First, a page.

Researchers identified what they are calling a first-of-its kind phishing template that uses fake fonts to exploit web font features typically used by developers to deploy a range of fonts on user devices. This new template uses fake web fonts to render well-crafted phishing pages to harvest credentials impersonating a major US bank, the research said.
Researchers listed several email addresses that were associated with the phishing kit within the PHP source codes and hard-coded as recipients of stolen credentials.
In addition, researchers explained,“when the phishing landing page renders in the browser, users are presented with a typical online banking credential phish leveraging stolen bank branding. However, the source code of the page includes unexpectedly encoded display text.”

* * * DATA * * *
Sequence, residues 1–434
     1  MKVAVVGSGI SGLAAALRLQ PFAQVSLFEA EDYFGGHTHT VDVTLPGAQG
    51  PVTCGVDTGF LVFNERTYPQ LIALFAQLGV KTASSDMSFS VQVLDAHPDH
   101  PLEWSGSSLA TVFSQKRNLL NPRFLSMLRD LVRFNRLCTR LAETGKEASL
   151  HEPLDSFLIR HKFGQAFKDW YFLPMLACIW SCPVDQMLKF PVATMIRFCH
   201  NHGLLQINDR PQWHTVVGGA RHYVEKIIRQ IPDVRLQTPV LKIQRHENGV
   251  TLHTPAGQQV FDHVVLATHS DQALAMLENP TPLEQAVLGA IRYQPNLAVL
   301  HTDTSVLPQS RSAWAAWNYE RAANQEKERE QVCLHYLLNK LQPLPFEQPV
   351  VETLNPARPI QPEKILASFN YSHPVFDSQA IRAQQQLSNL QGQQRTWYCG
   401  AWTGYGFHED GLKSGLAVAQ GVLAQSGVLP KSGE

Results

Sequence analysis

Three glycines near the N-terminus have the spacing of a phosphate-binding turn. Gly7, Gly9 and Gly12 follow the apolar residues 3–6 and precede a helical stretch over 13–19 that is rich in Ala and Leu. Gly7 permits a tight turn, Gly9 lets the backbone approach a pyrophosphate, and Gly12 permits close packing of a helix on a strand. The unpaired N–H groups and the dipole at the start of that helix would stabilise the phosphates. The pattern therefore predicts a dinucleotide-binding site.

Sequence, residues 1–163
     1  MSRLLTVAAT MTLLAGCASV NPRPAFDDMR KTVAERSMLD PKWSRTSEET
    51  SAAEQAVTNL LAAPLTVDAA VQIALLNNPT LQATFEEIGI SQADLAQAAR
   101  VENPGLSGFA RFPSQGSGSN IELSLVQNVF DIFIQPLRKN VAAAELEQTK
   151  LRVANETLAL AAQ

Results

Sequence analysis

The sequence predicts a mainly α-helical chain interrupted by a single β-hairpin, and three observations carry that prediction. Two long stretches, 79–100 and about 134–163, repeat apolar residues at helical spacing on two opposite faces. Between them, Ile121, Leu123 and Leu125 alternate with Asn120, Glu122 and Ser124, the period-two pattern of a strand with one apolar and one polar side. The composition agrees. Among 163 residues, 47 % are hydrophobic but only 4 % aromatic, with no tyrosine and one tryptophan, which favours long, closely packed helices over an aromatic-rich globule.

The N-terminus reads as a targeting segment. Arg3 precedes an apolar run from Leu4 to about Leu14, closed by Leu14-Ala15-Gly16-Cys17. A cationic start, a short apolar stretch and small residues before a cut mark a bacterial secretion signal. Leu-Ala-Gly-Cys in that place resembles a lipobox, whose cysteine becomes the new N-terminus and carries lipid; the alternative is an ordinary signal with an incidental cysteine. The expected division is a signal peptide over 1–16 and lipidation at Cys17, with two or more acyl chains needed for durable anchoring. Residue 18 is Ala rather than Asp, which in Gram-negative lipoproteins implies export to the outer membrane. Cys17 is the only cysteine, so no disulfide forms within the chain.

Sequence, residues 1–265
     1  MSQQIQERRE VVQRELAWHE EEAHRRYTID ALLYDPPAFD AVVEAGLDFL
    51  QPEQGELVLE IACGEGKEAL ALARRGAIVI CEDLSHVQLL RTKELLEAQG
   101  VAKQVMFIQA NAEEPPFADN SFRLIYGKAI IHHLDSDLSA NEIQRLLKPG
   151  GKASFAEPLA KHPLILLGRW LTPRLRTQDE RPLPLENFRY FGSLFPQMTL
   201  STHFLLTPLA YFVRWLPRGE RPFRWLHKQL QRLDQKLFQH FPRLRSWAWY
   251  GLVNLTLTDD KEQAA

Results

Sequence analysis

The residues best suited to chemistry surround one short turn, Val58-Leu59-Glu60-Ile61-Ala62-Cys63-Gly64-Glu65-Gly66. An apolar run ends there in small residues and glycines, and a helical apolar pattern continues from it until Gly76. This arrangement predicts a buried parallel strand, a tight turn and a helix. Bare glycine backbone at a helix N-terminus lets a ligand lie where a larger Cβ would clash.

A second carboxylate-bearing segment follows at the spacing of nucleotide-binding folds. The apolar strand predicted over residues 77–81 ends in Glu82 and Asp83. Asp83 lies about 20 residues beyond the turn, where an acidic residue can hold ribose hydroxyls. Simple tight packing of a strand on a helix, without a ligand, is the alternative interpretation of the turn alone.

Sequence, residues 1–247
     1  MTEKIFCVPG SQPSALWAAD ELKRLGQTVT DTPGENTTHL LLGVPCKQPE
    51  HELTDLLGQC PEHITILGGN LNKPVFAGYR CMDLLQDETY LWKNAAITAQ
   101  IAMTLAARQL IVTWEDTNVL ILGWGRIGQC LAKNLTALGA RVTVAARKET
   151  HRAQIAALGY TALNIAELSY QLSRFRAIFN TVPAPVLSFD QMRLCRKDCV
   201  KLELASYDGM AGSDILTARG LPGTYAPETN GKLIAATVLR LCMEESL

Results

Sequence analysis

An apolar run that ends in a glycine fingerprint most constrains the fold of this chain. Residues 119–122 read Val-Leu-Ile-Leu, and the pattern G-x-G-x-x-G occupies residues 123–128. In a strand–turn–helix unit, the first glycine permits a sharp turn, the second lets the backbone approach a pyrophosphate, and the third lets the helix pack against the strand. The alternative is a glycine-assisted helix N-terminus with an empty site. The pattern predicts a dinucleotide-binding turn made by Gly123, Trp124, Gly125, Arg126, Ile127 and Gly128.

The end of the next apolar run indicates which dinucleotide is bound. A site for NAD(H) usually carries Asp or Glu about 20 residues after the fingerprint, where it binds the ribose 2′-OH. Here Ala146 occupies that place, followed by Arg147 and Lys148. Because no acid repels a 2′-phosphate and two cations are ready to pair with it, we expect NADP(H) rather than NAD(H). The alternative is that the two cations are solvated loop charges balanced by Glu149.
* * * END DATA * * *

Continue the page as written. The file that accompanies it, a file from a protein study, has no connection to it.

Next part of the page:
The custom web font file used in the phishing landing page, which was discovered when researchers copied the cleartext from the webpage and pasted it into a text file, causes the browser to render ciphertext as plaintext.
Researchers concluded that “threat actors continue to introduce new techniques to evade detection and hide their activities from unsuspecting victims, security vendors, and even from savvy organizations proactively searching for brand abuse. In this case, actors developed a phishing template that uses a custom web font to implement a substitution cypher, among other techniques, to render well-crafted phishing pages for credentials to a major US bank.”
Phishing attacks continue to grow more sophisticated, and even fairly simple tactics such as substitution cyber can allow threat actors to evade detection.